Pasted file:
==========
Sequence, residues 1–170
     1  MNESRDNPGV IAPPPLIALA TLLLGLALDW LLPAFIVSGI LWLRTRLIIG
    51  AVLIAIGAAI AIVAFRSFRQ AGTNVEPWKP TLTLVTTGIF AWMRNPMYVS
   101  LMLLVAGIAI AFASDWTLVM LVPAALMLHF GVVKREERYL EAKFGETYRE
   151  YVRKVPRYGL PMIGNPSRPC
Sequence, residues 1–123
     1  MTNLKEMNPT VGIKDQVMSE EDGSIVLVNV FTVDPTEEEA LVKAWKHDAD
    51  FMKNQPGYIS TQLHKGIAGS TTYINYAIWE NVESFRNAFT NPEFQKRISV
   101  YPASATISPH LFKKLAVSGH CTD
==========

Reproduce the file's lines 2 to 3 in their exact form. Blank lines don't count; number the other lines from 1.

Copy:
     1  MNESRDNPGV IAPPPLIALA TLLLGLALDW LLPAFIVSGI LWLRTRLIIG
    51  AVLIAIGAAI AIVAFRSFRQ AGTNVEPWKP TLTLVTTGIF AWMRNPMYVS